This change in trend has led to the result that the copolyamide hot-melt adhesive substances which were previously used exclusively for the outer wear articles have been more and more replaced by copolyester hot-melt adhesive substances, because while it is true that copolyesters do not have the especially good chemical cleaning resistance of the copolyamides, they possess better washing stability. The use of the low-pressure polyethylenes which are adequately resistant to chemical cleaning and are very good in washing-resistance is excluded for the outer wear confections of today, because low-pressure Polyethylene melts too high at a melting point of about 130° C. and therefore fixing gap temperatures of about 150° C. and more are necessary. The fixing gap temperatures which are used today in practice are always lower between the lining and the top cloth. Low-pressure polyethylenes are therefore restricted today almost exclusively to shirt linings. The change in the production and use of linings has also led finally, for cost and quality reasons, to the fact that the coating amount, which is applied Per m2 of lining material, has been clearly reduced. Whereas previously add-on amounts of 18 to 25 g/m2 were normal, today for lining materials they range between 8 and 18 g/m2 By reducing the add-on amount, the industry which produced such lining materials could meet the need for a softer and more flowing drape of the fixed zones of the clothing.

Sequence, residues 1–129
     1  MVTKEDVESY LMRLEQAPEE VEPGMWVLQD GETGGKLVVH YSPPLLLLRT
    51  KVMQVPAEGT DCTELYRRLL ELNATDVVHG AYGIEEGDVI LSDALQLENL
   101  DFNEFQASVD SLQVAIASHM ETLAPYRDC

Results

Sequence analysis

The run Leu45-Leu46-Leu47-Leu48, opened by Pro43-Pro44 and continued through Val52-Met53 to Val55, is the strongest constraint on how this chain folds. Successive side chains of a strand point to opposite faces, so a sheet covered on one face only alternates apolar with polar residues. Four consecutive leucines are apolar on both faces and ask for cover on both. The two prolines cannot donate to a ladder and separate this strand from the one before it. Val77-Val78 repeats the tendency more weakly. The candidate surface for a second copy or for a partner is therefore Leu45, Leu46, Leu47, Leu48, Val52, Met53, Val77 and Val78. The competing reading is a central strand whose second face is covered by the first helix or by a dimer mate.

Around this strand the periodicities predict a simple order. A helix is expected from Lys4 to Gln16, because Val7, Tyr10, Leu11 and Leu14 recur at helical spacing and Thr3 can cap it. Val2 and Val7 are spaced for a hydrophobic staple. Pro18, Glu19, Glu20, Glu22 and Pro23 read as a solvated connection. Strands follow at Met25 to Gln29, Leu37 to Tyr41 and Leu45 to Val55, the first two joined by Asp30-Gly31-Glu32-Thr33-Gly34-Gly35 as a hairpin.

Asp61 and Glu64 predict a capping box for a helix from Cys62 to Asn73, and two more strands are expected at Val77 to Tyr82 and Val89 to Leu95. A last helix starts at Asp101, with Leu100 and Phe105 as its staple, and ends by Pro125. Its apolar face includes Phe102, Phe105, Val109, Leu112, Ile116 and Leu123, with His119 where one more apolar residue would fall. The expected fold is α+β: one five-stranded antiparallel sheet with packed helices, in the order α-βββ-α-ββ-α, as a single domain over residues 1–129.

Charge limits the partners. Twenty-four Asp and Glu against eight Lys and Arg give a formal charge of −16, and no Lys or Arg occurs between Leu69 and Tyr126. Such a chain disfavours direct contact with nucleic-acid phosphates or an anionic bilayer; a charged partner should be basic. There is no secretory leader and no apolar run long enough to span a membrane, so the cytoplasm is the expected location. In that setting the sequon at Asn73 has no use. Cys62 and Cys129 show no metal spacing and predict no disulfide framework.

In order to solve the problems with respect to reduced washing and cleaning stability as well as the weaker adhesive strength, improved hot-melt adhesive substances as well as improved coating technologies and improved coating carriers have been developed. The so-called duo coating, in which every coating dot consists of two layers, as mentioned above, has been particularly satisfactory. Such a duo coating is described e.g. in the patents DE-B-2 214 236, DE-B-2 231 723, DE-B-2 536 911 and DE-B-3 230 579. Most recently, an indirect coating method has been introduced in which the coating is firstly applied on a sub-carrier and is then transferred from it onto the lining sheet. Such a coating process is described e.g. in European patents EP-A-0 219 376 and EP-A-0 365 711.